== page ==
Many different biennial proposals have been offered by a wide range of proponents. All proposals fit into one of the following three categories:

Spend the first session of a new Congress adopting a twoyear budget and the second session conducting oversight reviews;

Spend the first session of a new Congress conducting oversight hearings and adopt a budget during the second session based on those hearings; or

Stretch out the current annual process to cover a two-year period.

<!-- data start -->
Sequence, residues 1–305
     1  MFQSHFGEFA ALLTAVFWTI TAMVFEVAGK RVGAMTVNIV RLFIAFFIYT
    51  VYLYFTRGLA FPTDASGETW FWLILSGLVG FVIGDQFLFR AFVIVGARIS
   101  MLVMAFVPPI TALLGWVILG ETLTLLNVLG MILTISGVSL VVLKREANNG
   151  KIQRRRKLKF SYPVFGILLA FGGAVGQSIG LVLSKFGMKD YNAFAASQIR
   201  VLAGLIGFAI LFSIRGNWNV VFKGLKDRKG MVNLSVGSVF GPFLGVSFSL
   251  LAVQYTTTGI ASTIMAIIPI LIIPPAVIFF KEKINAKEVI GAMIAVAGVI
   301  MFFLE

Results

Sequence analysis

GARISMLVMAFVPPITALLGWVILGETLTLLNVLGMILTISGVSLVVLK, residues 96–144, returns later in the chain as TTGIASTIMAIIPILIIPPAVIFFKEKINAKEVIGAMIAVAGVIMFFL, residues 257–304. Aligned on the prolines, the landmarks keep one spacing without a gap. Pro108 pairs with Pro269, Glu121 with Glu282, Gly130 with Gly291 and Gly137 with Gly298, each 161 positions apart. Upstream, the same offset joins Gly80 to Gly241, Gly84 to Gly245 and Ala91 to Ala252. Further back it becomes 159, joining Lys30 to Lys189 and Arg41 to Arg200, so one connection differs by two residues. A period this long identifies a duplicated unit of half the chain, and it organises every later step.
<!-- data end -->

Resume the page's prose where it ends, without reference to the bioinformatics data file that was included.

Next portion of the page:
Ideally, the entire Federal budget process would be shifted to a two-year cycle. However, it would be possible to shift just the Department of Defense to a biennial budget. Indeed, Congress has already acted on this option to establish a two-year budget for DoD. The fiscal year 1986 defense authorization bill contained a provision (section 1405) directing the President to submit a two-year budget for the Department of Defense and related agencies in Jan